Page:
6.15 a.m. Shower.

6.25 a.m. Empty bin, make tea, two slices of toast (Hovis organic wholemeal) make cheese and cucumber sandwich for work.

6.35 a.m. Read last chapter of The Polysyllabic Spree, occasional glances at BBC Breakfast in the hope of catching a glimpse of Kate Silverton/Jules Wilson thigh/ankle/cleavage etc. Unsuccessful. It's that bloody desk.

6.45 a.m. Rouse S. from deep slumber. Hide in wardrobe until her rage passes. Dress. Take off dress and put on trousers and t-shirt.

7.00 a.m. Brush teeth.

7.10 a.m. Leave house. Walk to St. Margarets Station. I-pod highlight - 'England's Glory' by Ian Dury ("Peculiar Clark").

7.35 a.m. Arrive St. Margarets Station. Board minibus. Start reading A Heartbreaking Work of Staggering Genius by Dave Eggers. Magnanimous of me, I'm sure you'll agree.*

9.00 a.m. Arrive at work. Brief chat with Cheryl from O.T., whom I've not seen in ages. She has to drop her nipper off at toddlers' school and so can't get to the minibus pickup in time. Consequently, she has to endre the 2-hour bus trip surrounded by effing and c-ing schooolkids. Not nice.

9.05 a.m. Sign in at work (as having arrived at 9.00 a.m.. Endure hostile comments regarding personal appearance from work colleagues. Pay £2.00 into "Corporate" Tea/Lunch Fund (current balance £164.87)

9.35 a.m. post this.


*The bastard rejected one of my stories.

*************UPDATE*************

10.30 a.m. Coffee at Rococo's (why oh why oh why is it not Rococoa's??)

11.00 a.m. Had another dump. Clean up operation 8.8 on the Red Adair scale. Where does it all come from??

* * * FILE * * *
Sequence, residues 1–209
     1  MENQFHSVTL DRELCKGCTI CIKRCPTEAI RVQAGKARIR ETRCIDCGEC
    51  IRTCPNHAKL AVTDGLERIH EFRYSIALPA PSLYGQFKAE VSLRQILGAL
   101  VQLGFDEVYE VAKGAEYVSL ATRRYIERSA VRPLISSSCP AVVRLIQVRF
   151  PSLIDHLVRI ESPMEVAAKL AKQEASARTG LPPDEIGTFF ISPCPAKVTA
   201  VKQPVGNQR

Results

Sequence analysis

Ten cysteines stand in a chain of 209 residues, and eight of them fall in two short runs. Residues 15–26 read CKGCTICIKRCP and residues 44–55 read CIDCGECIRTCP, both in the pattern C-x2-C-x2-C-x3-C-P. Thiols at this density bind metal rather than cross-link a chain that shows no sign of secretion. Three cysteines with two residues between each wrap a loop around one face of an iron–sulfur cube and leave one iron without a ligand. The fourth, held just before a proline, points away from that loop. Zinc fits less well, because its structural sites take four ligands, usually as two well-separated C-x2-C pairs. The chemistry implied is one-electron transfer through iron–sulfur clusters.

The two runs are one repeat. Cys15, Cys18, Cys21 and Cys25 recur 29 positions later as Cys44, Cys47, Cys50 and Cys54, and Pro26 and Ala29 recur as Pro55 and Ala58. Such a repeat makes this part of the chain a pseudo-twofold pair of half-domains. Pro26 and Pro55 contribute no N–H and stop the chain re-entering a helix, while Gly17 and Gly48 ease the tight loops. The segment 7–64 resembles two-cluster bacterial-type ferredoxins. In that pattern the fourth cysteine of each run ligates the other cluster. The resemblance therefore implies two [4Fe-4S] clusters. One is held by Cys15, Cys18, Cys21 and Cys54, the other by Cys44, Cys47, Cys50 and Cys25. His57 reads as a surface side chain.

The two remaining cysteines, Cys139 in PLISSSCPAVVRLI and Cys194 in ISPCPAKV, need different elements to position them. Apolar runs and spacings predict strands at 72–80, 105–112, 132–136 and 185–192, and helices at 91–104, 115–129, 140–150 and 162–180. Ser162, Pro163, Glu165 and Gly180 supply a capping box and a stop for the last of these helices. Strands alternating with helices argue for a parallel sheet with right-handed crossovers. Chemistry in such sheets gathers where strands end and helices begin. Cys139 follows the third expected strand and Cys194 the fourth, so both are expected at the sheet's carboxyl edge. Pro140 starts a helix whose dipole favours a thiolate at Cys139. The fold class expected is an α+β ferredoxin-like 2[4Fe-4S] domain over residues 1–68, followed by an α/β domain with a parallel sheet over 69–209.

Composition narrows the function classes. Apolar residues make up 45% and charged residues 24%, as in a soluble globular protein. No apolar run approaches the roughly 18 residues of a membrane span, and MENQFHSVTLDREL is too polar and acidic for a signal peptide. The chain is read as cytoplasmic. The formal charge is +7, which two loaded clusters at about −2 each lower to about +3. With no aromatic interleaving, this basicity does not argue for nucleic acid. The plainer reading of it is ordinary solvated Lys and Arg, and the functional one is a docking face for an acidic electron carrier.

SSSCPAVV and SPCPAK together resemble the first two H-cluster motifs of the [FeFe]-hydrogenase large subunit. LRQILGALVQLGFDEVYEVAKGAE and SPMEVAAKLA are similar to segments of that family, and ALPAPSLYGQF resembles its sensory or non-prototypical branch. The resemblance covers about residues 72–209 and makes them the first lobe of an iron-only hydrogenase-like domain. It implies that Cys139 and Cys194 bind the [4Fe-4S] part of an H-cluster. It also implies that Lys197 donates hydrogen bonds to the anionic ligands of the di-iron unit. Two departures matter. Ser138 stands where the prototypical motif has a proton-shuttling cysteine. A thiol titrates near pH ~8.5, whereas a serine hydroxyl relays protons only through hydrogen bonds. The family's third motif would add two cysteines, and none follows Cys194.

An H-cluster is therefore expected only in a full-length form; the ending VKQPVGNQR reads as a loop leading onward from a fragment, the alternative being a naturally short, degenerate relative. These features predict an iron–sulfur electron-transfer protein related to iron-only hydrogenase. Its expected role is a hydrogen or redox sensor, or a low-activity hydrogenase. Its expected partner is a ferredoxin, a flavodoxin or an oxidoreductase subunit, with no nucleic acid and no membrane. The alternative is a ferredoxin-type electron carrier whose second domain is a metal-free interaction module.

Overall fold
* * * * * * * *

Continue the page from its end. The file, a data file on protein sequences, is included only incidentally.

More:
11.26 a.m. finished writing this:

Sgt Bobster's Lonely Hearts Club Band...

Well, if you'd told me all those many months ago when I first posted up some inconsequential ramblings concerning Patrick Vieira's putative move to Real Madrid** that I would one day be reduced to this - to soliciting in these very pages for a good man, true of heart, stout of liver and supple of limb to soothe the tumultuous, heaving breast [steady! Overwrought Pre-Raphealite prose Ed.] of our beloved goddess of blog, The Divine Spinster....well, frankly, I'd never have believed you.

Sadly, things have, it seems, come to precisely that pass and there seems little option after reading this enormously candid and moving recent entry from the Spinster.

I know the more salacious among you have for some time now harboured fantasies that The Spinster and your humble servant might one day forge a union and unite our two formidable blog houses to form a nuptial alliance that would surely strike terror into the heart of the mainstream media (and Hello! magazine). Sadly, this can never be. Firstly, The Spinster, with a discernment rarely to be found in this era of dumbing down and instant gratification, has outlined a number of criteria - age, looks, lack of physical impairment etc. - many of which, unfortunately preclude me, a 58 year old calliper-bound Nikki Lauda lookalikey, from plighting my troth to Ulster's foremost singleton. As if these deficiencies were not enough, we also live in the shadow of heartless sectarianism - even if we wished to, we could never surmount the wall of bigotry and intolerance that separates me, a genocidal orange bastard killjoy proddy from the feckless spud-munching bead juggler of my dreams. And then there's the cockrot.